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Iowans Create Water Quality Successes in 2015

DES MOINES — The efforts of Iowans in 2015 to improve Iowa’s lakes, rivers and streams have resulted in success stories across the state, and more efforts are underway for 2016. Working with groups statewide, including the Iowa DNR’s Watershed Improvement Program, Iowans are making changes on the land to improve our waters. 

“Improving water quality draws interest across the state,” said DNR Director Chuck Gipp. “The success stories we are highlighting show what can be accomplished when local communities come together to improve water quality. Hopefully, the accomplishments that we showcase here will inspire others to do similar projects around the state and be our success stories of tomorrow.” 

The DNR works with other state and federal agencies to help Iowans organize local and regional watershed improvement efforts by providing technical and financial assistance to create long-term, comprehensive plans. With watershed management plans, local groups work with landowners and residents to make changes on the land in areas that can make the largest impact on water quality. 

For example, Lake Darling in southeast Iowa is a whole new lake – and park – following a four-year, $12 million renovation. The lake was drained, the dam replaced and the lake size restored to 305 acres. The silt trucked out from the lake would cover a football field 12 stories high.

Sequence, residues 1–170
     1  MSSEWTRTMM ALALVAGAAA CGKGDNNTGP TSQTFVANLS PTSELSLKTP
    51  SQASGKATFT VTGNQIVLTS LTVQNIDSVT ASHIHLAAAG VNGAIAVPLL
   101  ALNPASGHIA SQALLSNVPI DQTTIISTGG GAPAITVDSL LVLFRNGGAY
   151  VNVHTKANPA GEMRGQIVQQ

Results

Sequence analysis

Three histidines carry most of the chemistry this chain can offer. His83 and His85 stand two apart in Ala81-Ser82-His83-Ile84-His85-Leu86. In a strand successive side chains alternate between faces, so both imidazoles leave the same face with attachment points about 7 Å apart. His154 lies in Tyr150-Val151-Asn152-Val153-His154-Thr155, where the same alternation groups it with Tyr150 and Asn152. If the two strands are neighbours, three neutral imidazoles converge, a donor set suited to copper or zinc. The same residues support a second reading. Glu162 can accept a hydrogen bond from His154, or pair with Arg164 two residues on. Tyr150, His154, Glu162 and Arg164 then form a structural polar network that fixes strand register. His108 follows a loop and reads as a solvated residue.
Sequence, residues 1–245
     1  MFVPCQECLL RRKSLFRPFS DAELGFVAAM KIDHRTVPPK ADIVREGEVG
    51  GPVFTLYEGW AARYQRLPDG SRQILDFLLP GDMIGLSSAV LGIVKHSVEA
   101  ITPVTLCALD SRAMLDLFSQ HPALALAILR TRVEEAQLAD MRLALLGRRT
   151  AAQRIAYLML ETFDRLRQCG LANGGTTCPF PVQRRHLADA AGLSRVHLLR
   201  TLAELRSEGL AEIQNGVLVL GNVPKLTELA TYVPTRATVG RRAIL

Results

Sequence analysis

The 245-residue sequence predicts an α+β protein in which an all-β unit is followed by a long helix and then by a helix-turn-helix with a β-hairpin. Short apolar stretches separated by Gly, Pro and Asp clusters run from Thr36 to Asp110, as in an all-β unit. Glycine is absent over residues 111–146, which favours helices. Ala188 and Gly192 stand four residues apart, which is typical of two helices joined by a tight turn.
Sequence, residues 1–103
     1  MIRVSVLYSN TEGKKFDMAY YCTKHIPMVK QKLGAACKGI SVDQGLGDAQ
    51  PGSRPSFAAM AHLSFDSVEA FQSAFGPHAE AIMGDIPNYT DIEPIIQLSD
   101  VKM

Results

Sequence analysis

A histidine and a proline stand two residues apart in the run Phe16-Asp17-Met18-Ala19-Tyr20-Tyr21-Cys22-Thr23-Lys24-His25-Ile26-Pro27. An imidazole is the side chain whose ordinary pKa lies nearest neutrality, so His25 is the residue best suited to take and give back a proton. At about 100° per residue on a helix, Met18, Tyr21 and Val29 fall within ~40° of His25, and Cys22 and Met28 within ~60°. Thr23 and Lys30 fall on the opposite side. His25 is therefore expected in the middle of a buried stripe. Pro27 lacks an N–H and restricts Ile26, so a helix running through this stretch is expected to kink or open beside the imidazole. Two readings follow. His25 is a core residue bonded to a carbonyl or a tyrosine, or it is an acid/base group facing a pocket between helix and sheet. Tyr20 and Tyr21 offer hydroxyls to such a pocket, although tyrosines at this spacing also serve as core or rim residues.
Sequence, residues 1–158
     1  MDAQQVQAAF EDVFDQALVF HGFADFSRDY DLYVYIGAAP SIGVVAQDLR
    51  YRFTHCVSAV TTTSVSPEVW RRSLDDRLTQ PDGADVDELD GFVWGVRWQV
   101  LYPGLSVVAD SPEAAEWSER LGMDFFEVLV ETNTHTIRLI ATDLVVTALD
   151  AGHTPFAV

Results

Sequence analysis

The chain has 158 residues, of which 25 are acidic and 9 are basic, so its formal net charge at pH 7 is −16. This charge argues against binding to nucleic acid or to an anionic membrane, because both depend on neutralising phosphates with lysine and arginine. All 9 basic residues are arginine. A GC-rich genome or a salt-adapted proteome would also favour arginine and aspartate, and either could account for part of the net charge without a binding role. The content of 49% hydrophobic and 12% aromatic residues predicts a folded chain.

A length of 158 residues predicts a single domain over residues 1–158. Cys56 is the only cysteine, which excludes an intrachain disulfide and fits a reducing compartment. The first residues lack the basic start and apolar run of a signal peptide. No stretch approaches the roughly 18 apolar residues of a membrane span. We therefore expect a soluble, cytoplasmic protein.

This followed extensive work on the land by a large network of landowners and organizations coming together. Through a watershed project, they installed 162 conservation practices, from ponds and basins to terraces and soil-holding grasses, many stretching across property lines. The practices slow runoff from the land and filter out silt, nutrients and bacteria before they can reach the lake. With additional conservation work on state land, the practices have reduced the amount of sediment reaching the lake by 60 percent. 

“Without landowners, we would not have any of this done,” commented watershed coordinator Stan Simmons. “Everything that happens up here is on land. It is owners cooperating with each other. Problems did not start at line fences. They did not stop at line fences. Many times, landowners had to work together to get problems solved. And we were very successful, in most instances.”

The Lake Darling story, as well as other success stories from 2015, are highlighted in “Working for Clean Water: 2015 Watershed Improvement Successes in Iowa,” a booklet available at http://www.iowadnr.gov/Environmental-Protection/Water-Quality/Watershed-Improvement/Watershed-Successes.

For more information on the DNR’s watershed improvement efforts, contact Steve Hopkins at 515-725-8390 or at Stephen.Hopkins@dnr.iowa.gov or visit www.iowadnr.gov/watershed

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